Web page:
SAN JOSE, Calif. Hoping to solve a major problem in systems design, Intel Corp. on Monday (Feb. 7) disclosed more details about its dynamic low-power technology for high-end microprocessors.
The low-power technology, dubbed Foxton, is initially targeted for Intel's dual-core, 64-bit Itanium processor line, but it will be eventually incorporated within its 32- and 64-bit Xeon chips.
Foxton is a hardware-based technology that claims to dynamically and automatically adjust the voltage and frequency settings for a microprocessor while also boosting overall system performance by up to 10 percent. Within Foxton, Intel has also incorporated a demand-based switching (DBS) technology, which is said to dynamically reduce processor power consumption based on demand and workload.
According to Intel (Santa Clara, Calif.), Foxton is said to automatically adjust the voltage in a processor in 12.5-miliwatt increments at 32 different settings. It can also modulate the frequency in a processor at 64 different increments.
Initially, the company said it will incorporate the Foxton technology within Montecito, a previously-announced, dual-core processor within the company's 64-bit Itanium family.
Originally announced back in 2004 (see Sept. 2, 2004 story), Montecito is the company's first billion-transistor device. The 90-nm, 100-Watt processor incorporates 1.72-billion transistors, multi-threading and other features for high-end servers. Production is slated for the fourth quarter of 2005, with volumes due in 2006.
Intel originally dropped hints about Foxton last year, when it outlined its new 64-bit processor roadmap. At the time, it provided little or no details about the technology (see Feb. 18, 2004 story).
Meanwhile, over time, the company plans to incorporate its Foxton technology in other processor lines, said Nimish Modi, vice president of Intel's Digital Enterprise Group and general manager of its Enterprise Microprocessor Division. "It is our plan to incorporate Foxton into the Xeon," Modi said during a conference call.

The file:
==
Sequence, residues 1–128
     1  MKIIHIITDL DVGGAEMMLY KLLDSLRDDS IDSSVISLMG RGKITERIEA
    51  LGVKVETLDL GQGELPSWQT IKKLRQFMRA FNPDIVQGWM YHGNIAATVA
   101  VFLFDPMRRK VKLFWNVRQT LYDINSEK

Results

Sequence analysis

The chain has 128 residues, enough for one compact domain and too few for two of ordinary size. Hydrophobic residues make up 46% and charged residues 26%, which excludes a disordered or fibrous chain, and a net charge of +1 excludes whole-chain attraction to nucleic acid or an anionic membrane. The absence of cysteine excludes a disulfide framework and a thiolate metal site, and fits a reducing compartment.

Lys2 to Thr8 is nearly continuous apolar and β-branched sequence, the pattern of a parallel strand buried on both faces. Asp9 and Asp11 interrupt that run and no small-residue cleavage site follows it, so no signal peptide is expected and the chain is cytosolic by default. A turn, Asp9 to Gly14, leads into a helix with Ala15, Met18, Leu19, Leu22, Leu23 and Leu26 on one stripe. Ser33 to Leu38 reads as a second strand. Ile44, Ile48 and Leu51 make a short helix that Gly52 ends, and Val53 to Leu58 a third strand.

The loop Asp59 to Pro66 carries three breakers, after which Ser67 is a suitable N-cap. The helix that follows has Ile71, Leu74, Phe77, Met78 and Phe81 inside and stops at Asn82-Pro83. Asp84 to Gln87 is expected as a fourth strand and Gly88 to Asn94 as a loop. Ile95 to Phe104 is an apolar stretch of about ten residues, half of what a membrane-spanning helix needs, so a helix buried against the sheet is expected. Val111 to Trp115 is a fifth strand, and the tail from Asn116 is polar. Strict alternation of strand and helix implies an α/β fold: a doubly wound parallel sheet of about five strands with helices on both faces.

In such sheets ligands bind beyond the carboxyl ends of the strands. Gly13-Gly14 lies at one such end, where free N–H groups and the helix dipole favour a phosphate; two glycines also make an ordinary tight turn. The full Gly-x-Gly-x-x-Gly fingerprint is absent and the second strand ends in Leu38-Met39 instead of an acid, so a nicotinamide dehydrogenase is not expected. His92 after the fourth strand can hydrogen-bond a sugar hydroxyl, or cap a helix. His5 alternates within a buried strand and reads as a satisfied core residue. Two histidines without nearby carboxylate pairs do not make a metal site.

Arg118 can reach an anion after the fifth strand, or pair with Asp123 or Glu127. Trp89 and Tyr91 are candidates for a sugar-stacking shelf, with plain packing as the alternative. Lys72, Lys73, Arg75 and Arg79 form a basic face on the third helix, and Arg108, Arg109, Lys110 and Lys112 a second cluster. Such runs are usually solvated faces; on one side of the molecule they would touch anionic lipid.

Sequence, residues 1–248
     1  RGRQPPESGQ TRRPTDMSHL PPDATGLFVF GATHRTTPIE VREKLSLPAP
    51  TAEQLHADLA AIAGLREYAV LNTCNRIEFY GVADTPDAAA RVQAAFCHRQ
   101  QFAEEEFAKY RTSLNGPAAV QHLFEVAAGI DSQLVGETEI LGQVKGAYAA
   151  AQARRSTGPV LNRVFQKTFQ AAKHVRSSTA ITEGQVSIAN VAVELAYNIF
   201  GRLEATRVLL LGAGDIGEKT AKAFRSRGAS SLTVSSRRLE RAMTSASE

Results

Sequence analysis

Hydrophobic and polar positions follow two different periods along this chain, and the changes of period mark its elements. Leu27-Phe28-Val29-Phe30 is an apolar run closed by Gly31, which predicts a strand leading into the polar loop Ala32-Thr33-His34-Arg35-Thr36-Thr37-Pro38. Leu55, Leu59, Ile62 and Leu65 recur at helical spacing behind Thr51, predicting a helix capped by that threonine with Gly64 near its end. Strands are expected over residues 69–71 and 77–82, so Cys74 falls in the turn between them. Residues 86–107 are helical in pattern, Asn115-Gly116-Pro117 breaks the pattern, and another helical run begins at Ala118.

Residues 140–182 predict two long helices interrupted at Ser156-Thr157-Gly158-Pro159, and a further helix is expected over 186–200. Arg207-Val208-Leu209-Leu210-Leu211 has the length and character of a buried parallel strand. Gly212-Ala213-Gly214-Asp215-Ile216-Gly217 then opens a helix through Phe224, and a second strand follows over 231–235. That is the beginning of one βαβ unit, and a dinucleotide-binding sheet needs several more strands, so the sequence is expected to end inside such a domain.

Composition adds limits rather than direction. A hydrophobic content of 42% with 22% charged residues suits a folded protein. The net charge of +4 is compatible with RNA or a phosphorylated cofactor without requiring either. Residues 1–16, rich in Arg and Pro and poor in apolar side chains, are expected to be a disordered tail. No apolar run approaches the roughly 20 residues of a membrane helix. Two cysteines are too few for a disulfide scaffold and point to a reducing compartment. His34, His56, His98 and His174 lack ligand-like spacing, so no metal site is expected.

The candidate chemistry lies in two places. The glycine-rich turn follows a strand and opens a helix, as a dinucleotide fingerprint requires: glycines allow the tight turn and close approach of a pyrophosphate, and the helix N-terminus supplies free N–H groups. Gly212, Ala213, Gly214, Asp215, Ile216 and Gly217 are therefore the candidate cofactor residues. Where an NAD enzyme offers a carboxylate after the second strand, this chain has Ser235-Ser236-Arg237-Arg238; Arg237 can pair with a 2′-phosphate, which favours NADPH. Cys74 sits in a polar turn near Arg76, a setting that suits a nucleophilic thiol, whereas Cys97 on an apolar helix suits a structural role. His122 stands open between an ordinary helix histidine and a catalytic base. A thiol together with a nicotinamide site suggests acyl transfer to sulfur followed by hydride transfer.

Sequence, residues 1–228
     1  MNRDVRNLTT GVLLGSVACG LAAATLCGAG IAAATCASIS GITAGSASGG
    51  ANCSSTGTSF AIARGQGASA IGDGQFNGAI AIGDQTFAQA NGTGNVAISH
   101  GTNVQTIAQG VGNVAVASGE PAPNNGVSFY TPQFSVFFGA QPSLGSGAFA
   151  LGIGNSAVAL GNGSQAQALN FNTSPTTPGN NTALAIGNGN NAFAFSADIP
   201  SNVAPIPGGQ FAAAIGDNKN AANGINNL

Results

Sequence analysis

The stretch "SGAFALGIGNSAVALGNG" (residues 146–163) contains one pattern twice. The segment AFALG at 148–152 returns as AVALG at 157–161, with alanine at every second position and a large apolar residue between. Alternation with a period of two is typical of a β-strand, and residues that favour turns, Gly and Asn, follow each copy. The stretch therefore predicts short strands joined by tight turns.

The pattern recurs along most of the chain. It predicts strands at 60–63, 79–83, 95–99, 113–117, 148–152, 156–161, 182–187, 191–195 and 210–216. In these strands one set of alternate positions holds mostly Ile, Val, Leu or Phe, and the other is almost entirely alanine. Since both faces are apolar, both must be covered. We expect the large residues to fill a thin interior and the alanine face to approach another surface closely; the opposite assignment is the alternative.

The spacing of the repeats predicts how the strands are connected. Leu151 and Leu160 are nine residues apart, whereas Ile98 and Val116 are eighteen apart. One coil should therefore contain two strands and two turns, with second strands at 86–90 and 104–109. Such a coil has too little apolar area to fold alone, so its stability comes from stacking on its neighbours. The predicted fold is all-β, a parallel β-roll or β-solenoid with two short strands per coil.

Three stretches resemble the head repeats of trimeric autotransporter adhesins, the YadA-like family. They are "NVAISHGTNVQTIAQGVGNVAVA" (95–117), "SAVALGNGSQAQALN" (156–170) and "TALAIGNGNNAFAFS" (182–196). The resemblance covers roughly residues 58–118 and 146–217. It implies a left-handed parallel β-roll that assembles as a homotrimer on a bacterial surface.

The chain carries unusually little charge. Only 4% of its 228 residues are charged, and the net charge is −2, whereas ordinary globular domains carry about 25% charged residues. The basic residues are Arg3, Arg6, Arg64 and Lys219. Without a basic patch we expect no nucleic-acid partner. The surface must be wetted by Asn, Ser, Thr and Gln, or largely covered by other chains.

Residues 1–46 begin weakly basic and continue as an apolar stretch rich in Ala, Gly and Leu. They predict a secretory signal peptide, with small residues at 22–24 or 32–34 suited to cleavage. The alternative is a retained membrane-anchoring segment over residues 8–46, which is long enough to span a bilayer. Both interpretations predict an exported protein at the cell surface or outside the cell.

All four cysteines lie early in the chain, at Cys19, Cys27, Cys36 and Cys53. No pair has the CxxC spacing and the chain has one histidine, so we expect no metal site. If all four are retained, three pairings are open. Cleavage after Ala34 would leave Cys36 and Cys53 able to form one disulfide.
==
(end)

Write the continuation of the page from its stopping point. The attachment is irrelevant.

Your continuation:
Intel's Xeon processors are 32-bit, x86-based chips for servers. The company has also rolled out a Xeon with 64-bit extensions, which may steal the thunder from its Itanium processor line (see Feb. 23, 2004 story). Xeon currently incorporates DBS, but not the Foxton technology.
The company is moving its low-power technology across its product lines for good reason. "The biggest challenge continues to be power both delivery and dissipation," said Shekhar Borkar, an Intel Fellow and co-director of Intel's Microprocessor Technology Laboratory.
For some time, Intel has worried about power dissipation in processor designs. Last year, the company pulled the plug on a planned 4.0-GHz speed grade of its Pentium 4 processor line, due in part to power issues. It also scrapped the planned Tejas processor because it dissipated too much power and ran too hot.
Rather than painting the revelations as glitches, Intel positioned the move as a way to focus the company's processor roadmap on factors other than clock speed. In an effort to solve the power issues, Intel said multicore processors would became a big part of its future plans (see Oct. 14, 2004 story).